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Xilu xiang (1999)

In 1997, Little Cheung is a street-wise nine-year-old boy living in a bustling neighbourhood of Hong Kong, just before the reunification with China. His parents are always working at their ... See full summary »

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6 wins & 10 nominations. See more awards »

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Cast

Credited cast:
Yuet-Ming Yiu ...
Little Cheung
Wai-Fan Mak ...
Fan
Yuet-Man Mak ...
Man, Fan's little sister
Robby ...
David
Sun-yau Chu ...
Grandma
Gary Lai ...
Mr. Gin
Teoh Chang ...
Kenny
Rest of cast listed alphabetically:
Armi Andres ...
Armi, the maid
Chum-Yuk Chuen ...
(as Angela Thuen)
Wai Yiu Yung
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Storyline

In 1997, Little Cheung is a street-wise nine-year-old boy living in a bustling neighbourhood of Hong Kong, just before the reunification with China. His parents are always working at their restaurant, so Little Cheung becomes much closer to his grandmother and her Filipino maid Armi. Little Cheung befriends Fan, a girl his age who is an illegal immigrant from China. He splits his tips with her when she helps him deliver take-outs for his father. The pair have some amusing adventures, and delight in peeing in the drinks of a troublesome thug. Against his father's will, Little Cheung starts searching for his older brother, whom his father disowned because he became a gangster. Written by Will Gilbert

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Drama

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30 December 1999 (Hong Kong)  »

Also Known As:

Little Cheung  »

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Remake of Xi lu xiang (1950) See more »

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User Reviews

 
Very interesting film...the best out of the "handover trilogy"!!!
28 April 2005 | by See all my reviews

Most people say "Xilu xiang" portrayed the hardness of life of people living in the slums of Hong Kong. Though true, this film ran much deeper than that. "Xilu xiang", like "Made in Hong Kong" and "The Longest Summer" (which along with this film are commonly referred to as the "Hong Kong Handover Trilogy"), was more of a reflection of the people's attitude towards the Hong Kong "handover" (where Hong Kong was returned to mainland China on July 1st).

While "Made in Hong Kong" was about the youth of Hong Kong's doomed attitude towards the "handover" and "The Longest Summer" was about how Hong Kong citizens who worked for the British and were more British by heart had to deal with the sudden change in both the social and political spectrum, "Xilu xiang" is taken from a child's point of view and how the child views the "handover". What was more interesting and different about "Xilu xiang" than the other two films in the trilogy was that this film not only incorporated the Hong Kong citizen's point of view towards the "handover", it also looked at the point of view from the Chinese mainlander, as the first half was narrated by Xilu Xiang while the second half was narrated by A Fen. One could easily spot the change in the attitude of the people between the two plots.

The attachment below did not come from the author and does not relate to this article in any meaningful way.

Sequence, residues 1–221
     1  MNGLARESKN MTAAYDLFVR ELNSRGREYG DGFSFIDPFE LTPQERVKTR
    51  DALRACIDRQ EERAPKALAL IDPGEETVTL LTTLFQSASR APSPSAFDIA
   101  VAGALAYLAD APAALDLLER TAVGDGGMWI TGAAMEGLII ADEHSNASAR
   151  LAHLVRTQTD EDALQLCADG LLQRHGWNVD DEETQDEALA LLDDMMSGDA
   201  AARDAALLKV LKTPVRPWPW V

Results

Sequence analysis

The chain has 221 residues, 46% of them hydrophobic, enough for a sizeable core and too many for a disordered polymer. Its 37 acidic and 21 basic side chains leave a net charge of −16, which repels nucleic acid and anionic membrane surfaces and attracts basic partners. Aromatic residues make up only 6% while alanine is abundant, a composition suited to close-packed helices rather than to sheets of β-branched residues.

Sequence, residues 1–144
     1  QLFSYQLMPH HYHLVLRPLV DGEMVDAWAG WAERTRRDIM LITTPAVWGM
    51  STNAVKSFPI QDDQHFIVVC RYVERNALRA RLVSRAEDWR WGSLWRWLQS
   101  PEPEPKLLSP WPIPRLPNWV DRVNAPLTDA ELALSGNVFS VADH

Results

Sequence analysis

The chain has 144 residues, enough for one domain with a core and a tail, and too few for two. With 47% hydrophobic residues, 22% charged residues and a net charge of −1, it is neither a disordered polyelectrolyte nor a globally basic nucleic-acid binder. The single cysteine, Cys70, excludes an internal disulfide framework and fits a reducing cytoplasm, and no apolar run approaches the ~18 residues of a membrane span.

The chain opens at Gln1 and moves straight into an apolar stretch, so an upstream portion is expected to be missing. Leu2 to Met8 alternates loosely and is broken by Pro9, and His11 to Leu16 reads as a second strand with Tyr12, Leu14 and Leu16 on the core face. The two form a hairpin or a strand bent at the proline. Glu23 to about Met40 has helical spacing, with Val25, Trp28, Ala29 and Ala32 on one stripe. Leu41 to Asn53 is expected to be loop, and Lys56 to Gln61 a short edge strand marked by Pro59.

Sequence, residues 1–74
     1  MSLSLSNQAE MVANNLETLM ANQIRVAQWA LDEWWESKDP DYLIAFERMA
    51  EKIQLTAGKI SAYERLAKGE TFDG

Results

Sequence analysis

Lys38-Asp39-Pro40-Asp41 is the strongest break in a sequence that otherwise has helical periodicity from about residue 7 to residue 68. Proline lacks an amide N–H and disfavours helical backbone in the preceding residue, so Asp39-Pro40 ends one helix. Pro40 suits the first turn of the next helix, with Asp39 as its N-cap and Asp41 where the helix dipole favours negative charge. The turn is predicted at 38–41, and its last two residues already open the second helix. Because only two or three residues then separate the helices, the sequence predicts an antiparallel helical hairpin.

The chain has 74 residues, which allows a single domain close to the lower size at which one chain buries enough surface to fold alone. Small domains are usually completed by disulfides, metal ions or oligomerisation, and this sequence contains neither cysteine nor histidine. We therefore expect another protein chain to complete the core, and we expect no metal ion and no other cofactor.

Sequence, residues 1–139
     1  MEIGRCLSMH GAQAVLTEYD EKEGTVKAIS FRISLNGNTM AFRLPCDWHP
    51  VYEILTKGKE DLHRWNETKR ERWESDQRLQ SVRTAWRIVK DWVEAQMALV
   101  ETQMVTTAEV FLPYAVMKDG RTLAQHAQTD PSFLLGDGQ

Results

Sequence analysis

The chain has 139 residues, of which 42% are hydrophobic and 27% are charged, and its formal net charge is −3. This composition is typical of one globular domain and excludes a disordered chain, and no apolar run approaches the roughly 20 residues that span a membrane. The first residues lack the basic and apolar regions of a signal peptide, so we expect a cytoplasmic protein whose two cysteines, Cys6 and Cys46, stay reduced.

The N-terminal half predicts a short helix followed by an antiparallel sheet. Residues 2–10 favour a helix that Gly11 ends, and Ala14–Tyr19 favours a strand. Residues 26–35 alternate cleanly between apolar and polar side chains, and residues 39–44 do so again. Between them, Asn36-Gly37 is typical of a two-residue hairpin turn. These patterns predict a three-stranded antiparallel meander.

This film focused on the interaction between Hong Kong citizens and the Chinese mainlanders, two people, though close geographically, but in fact were very different culturally and ideologically. The mainlanders feared being found out as illegal immigrants, while the Hong Kong citizens held a distrust towards the mainlanders. The children, on the other hand, did not see any differences between themselves and they were able to become close friends. However, the events and people around them forced them to end their friendship and to be apart. Thus, no matter how hard the people try, they could not get along.

The beauty of the film is that the two children, Xilu Xiang and A Fen, saw all the changes in Hong Kong before the "handover" as it affects even their everyday life. Yet, because of their youth and innocence, they did not completely understand them and the significance of the events as they unfolded. They had their own commentary, but they were only able to take note of the mundane and interesting details. However, the audiences, on the other hand, were more affected and touched more emotionally that these children seeing the same images that these children see. The audiences were treated to a very different cinematic experience, as not only were they able to see how the children view the "handover" and treasure and smile at their innocence, they were also able to exert their own view at the same time. Two very different views forming at the same time, simultaneously but yet not overpowering one another. Only one word to describe it: amazing.

There were no main stream Hong Kong actors in this film, though the child who portrayed the title character won the Taiwan Golden Horse award, the Asian equivalent to the Oscars, for best new comer for this role. Thus, the director and the screenwriter, Friut Chan, might be the biggest draw. If you are not a big film bluff and not in touch with the "handover", this film might be hard to understand because it tends to be confusing with images and events flying at you from all directions and there were many hidden meanings. I had to change this review couple of times because I remembered things as I was writing. Otherwise, this film is a must see. Gives you a different and new cinematic experience.


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